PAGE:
Meine Merkliste Geteilte Merkliste PDF oder EPUB erstellen

Irregular migration | Brazil |

Brazil Background Information Historical Development Political development Foreign population Ethnic origin Citizenship Emigration Irregular migration Refuge and asylum Conclusion References

Irregular migration

Sabina Stelzig

/ 4 Minuten zu lesen

Since opportunities for entering the USA were tightened up in the 1990s, many Brazilians try to enter the country illegally. Initially they travel to Mexico as tourists and then cross the border into Texas in buses or on foot with the help of people smugglers.

Irregular migration from Brazil

Since opportunities for entering the USA were tightened up in the 1990s, many Brazilians try to enter the country illegally.

Initially they travel to Mexico as tourists and then cross the border into Texas in buses or on foot with the help of people smugglers. Many Brazilians pay sums of up to US$ 8,000 to Mexican or US American smugglers for this service. The number of Brazilians apprehended at the USA border was quantified in 2005 as up to 2000 a month. In view of these figures, in 2006 the Brazilian Congress set up an investigative commission with the task of researching the situation and rights of those who entered the USA illegally or were apprehended.

There has also been an increase in irregular emigration to Europe, especially Portugal, in the last ten years. In 2003 during a state visit by Brazilian President Luiz Inácio Lula da Silva, Portugal and Brazil negotiated a legalisation programme for Brazilians living illegally in Portugal, whereby some 30,000 were to be legalised within five years. This presupposed entry into the country after 2001 and a valid employment contract. Complicated bureaucracy and the migrants´ failure to possess the documents necessary for the process have meant that by 2008 only around two thirds have been legalised.

Illegal and irregular immigration

Regional irregular immigration is determined above all by two groups of immigrants: firstly, labour migrants, including those who do not have papers, migrate within the border areas between Brazil and its neighbouring states in the wake of the Mercosur agreement (cf. "Regional Migration"); and secondly the civil war-like conflict in Columbia drives around 2000 people a year across the borders into the north-western part of Brazil.

The number of Africans fleeing the civil war and war of independence in Angola (1975 to 2002) and entering Brazil irregularly was similarly high. At the beginning of the 1990s their number was estimated at over 15,000 (cf. Refugeeism and asylum). However there is also prohibited immigration by sea from other African states such as Nigeria.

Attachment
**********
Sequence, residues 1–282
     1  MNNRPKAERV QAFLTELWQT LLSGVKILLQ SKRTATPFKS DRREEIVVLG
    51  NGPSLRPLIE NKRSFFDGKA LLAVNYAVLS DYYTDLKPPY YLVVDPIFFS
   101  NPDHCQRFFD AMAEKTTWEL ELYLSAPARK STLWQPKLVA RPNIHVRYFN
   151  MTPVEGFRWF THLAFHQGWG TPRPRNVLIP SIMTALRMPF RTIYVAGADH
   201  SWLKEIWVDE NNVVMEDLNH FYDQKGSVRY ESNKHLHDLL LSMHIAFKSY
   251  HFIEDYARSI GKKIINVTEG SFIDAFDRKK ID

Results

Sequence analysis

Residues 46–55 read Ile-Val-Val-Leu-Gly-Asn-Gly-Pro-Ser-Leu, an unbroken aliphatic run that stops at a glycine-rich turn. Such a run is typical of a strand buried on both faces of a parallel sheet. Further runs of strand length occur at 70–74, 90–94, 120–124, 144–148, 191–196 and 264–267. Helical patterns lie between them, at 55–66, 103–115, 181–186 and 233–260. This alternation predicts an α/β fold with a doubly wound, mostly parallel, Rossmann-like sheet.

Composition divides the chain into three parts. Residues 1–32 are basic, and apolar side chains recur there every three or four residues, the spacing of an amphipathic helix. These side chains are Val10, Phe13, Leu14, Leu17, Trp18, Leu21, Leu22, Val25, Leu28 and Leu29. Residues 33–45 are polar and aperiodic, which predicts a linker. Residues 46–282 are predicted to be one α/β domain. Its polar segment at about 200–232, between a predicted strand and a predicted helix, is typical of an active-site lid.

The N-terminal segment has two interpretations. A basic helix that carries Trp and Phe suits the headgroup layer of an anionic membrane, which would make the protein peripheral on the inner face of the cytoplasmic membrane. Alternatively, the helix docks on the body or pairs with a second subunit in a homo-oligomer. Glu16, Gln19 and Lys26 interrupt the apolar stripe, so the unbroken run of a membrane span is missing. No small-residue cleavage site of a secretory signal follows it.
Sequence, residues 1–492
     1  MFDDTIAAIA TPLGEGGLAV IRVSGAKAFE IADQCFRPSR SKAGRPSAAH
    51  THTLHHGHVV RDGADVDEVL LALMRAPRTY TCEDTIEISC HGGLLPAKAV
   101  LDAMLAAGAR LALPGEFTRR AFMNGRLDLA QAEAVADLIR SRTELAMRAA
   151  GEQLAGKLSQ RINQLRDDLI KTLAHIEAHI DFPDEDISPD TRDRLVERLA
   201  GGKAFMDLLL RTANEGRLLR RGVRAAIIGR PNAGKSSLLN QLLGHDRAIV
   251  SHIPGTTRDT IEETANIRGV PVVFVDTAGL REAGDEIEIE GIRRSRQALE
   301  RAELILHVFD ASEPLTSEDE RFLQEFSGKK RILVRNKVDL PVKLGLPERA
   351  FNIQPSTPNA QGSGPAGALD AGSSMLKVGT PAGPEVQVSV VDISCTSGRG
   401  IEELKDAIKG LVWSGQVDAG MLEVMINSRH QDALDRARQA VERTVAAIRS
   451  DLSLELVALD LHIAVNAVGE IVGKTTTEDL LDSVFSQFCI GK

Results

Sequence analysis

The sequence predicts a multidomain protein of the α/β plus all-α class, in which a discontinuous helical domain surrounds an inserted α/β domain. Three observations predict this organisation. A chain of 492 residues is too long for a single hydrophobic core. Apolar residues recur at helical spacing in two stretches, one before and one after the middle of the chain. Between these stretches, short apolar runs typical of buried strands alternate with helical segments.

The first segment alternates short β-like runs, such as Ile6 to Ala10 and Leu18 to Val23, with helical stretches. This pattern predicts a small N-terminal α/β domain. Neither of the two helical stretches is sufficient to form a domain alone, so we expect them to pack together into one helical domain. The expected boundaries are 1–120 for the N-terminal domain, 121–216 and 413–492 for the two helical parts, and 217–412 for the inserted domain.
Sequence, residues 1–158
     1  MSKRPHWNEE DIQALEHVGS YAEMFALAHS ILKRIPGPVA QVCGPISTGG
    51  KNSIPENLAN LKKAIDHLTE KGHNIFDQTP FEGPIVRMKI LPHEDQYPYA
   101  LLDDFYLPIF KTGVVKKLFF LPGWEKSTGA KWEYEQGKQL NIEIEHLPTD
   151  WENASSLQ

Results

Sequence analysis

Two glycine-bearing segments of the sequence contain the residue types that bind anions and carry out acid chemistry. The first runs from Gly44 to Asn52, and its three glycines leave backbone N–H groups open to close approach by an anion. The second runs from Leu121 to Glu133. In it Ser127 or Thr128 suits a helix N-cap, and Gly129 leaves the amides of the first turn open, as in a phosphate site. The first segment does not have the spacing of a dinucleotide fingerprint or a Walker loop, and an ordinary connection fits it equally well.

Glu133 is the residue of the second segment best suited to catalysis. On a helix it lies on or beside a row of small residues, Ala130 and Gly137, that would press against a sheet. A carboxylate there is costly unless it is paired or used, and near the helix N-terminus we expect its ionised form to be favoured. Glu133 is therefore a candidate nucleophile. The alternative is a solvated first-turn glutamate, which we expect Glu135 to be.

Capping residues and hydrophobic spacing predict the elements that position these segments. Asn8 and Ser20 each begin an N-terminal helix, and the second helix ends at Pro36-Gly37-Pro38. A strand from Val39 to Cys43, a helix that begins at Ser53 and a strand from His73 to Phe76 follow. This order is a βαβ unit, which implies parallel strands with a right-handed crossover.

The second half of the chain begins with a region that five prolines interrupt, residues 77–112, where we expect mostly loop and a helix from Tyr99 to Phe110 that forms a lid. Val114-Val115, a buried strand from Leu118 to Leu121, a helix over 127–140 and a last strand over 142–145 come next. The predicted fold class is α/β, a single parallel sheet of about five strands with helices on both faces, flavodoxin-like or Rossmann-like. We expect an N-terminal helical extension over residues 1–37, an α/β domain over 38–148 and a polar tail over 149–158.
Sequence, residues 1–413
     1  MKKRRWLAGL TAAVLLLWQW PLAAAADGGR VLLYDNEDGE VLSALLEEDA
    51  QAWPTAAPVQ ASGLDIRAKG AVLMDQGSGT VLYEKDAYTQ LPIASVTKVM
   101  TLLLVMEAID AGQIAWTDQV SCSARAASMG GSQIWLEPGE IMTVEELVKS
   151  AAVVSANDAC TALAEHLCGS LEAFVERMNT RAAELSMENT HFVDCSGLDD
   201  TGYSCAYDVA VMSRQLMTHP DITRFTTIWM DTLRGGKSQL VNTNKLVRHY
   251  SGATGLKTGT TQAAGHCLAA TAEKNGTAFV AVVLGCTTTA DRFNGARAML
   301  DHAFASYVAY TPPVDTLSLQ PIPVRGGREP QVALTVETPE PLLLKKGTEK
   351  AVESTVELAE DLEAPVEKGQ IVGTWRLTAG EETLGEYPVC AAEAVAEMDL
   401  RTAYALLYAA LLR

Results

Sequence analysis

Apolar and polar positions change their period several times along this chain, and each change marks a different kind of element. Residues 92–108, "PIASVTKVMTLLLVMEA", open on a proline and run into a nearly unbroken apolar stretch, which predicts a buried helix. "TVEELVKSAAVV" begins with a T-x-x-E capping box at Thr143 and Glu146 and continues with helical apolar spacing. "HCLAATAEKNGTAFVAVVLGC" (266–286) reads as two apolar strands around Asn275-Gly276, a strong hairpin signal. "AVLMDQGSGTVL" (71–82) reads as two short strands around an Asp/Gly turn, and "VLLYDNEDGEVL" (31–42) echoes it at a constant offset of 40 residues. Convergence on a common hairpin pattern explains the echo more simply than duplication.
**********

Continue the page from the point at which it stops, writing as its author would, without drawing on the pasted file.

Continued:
In 1998, under the then President Fernando Henrique Cardoso, the law governing illegal immigration (No. 7,685 of 1988) was amended by a new amnesty law (No. 9,675). During a period of 90 days in the same year, 40,000 foreigners received a temporary residence permit of up to two years with the option for extension by the same period through to achieving permanent residence status. The biggest groups to profit from this amnesty were Bolivians (approx. 14,000), Chinese (approx. 9,900) and Lebanese (approx. 3,100) followed by South Koreans, Peruvians, Uruguayans and Argentinians, each with a four-figure number. Although Africans probably make up the greatest proportion of irregular immigrants, only 435 persons from Angola (9th place) and 225 from Nigeria (in 13th place) profited from the amnesty. Critics decry the fact that in total only very few immigrants are regularised. Moreover, the common practice of deporting children is an object of criticism in connection with controlling irregular migration.

Human trafficking

Of all the countries in the world, Brazil is one that is worst affected by human trafficking. It is very frequently the country of origin of women and children who are sexually exploited. Women are enticed with false offers into other regions within the country, into neighbouring countries or to Western Europe, Japan, the United States and the Middle East, where they are forced into prostitution. There is a close association between the sex tourism in Brazil´s coastal cities and the trafficking of women. Children are also enslaved as domestic servants. Men are trafficked above all for agricultural work and forced to work in slavelike conditions in the Brazilian states of Amazonas, Mato Grosso and Pará.

According to the US Department of State's annually published report on people trafficking, in 2006 close to 70,000 Brazilians were working as prostitutes abroad, many of them victims of people trafficking, and 25,000, mostly males, were working as forced labourers in Brazilian agriculture.

Prosecuting those involved in forced labour continues to be a major problem in combating people trafficking in Brazil. According to the law, trafficking in people for purposes of sexual exploitation carries a punishment of six to ten years' imprisonment. Similarly, forced labour is forbidden under the terms of the Brazilian constitution and can be penalised with confinement, but to date this has rarely been pursued.

Although in recent years the government has made increasing efforts to punish internal and international people-trafficking and take targeted action against forced labour, measures proclaimed by the Lula administration for eliminating slave labour and child prostitution are making only slow headway. In October 2006, President Lula da Silva had initiated and provided the relevant finances for a national plan of action against all forms of exploitation, including nationally coordinated measures to combat people trafficking. In 2006 there were more than 100 missions to remote areas along the Amazon River to uncover forced labour.

Weitere Inhalte